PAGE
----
Electronics > Manufacturing & Assembly

T962C reflow oven mechanical advise needed

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I just (impulsively) bought a like new but 10 years old T962C. I am facing the obvious issues all buyers have had.

I want to reduce the bogus temperature readings I get for a sample board with my own thermocouple on it. If I pre-heat the oven, I get e.g. 205C from the oven reading when my own thermocouple reads 183C on the board.

Yes I could scale my profile(s) to compensate, BUT on cool-down I get the reverse effect--the oven thermocouple reads way COOLER than my (perfectly good) thermocouple.

I want to lower the oven thermocouples down to very near board level, i.e. about 1/2" above the drawer bottom. I think both heating and cooling measurements will be closer to the truth this way. Right now both thermocouples are really close to the middle 2 IR tubes--they'd have to be way off up there.

The mechanical issue is that the thermocouples pass through stainless tubes and the top of the tubes are crimpled really deeply. Do you guys have any suggestions about how to relieve the crimp enough to lower the thermocouples? I will (eventually) gently re-crimp them when I find the sweet spot.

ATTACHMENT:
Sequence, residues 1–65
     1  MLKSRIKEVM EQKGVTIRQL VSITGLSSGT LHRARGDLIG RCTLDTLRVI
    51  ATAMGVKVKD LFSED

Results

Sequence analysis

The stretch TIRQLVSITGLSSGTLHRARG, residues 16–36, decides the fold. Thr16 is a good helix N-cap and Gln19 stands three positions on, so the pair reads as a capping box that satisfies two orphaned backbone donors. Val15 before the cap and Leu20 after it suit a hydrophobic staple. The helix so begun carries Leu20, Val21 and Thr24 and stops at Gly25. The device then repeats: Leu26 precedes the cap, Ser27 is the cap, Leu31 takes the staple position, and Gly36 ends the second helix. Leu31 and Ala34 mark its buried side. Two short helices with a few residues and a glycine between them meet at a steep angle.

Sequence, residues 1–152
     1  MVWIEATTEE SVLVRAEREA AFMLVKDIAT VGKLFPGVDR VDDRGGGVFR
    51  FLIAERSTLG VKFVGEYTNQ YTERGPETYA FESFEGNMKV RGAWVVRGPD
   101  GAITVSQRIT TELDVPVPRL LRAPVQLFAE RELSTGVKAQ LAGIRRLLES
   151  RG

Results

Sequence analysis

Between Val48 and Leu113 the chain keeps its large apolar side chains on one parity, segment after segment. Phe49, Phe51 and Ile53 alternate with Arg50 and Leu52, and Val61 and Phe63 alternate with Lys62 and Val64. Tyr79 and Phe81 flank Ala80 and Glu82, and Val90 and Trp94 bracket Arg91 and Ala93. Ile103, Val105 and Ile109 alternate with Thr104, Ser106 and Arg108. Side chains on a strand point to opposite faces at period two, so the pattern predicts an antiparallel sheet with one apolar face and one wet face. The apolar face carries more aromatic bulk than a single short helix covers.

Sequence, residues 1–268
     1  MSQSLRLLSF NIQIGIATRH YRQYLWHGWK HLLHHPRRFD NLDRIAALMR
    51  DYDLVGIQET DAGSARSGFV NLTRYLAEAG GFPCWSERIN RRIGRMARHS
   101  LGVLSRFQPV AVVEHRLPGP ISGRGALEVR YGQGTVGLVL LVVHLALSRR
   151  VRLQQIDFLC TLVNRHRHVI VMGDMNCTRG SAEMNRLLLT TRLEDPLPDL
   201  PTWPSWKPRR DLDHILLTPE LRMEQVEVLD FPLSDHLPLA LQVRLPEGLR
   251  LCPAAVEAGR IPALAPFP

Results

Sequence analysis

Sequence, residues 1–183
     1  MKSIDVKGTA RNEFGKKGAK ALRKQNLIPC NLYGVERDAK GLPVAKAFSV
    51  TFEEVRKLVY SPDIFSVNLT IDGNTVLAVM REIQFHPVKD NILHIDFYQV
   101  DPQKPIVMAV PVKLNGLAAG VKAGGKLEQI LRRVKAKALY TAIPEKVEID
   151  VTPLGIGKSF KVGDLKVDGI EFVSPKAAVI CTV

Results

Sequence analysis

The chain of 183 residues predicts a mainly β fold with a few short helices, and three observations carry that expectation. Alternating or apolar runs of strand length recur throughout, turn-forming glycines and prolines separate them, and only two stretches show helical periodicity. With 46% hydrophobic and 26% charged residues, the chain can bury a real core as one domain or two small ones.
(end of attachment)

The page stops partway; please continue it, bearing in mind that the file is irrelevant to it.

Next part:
I use a T962C daily and have used it for thousands of boards.  Its a great little oven, but definitely has its quirks.   Board placement position REALLY matters, which I typically do by putting a test board in. 

As far as the thermocoupler being off, yes this is a problem.   The way I "fixed" it was upgrading the software (there are several links online to doing this), and making the hardware adjustment.  Then I just set the thermocoupler gain on the down to adjust it closer to what my thermal test probe says.  On mine, I think its set to 82%.   

Also, as far as lowering the thermocoupler, I did this at one time on one of my older T962s, didnt find it helped much.  I also added a mechanical fan, which equally didnt do much. 

You can move it by "uncrimping" it with a pair of pliers and then recrimping it.  On mine, I added some high temp epoxy to make sure it held in place. 

Thanks for the replies. I had tried a tentative squeeze 90deg offset from the inward dimple, didn't see that it had any chance of popping out the depression so I gave up. I can try harder. Also I considered finally treating myself to a Dremel tool and one of those very thin cutoff wheels and just barely cutting through the top 1/2" (sorry, 12mm). I think I'll try a more forceful pliers attack first, Dremel second and...

What I didn't know is that the open source software/firmware upgrade would allow scaling the thermocouple values. That's very tempting. So that's Plan C or III or 3 I guess.


If the thing in the photo is actually the thermocouple, it is WAY too big.  I have a converted toaster oven, and I poke a micro thermocouple into a plated through hole in the board to measure ACTUAL board temperature.  My thermocouples are made from about #30 AWG wire, same size as wire-wrap wire.  This allows the controller to sense actual board temp.  It works like a charm!  The problem you are seeing is thermal inertia.


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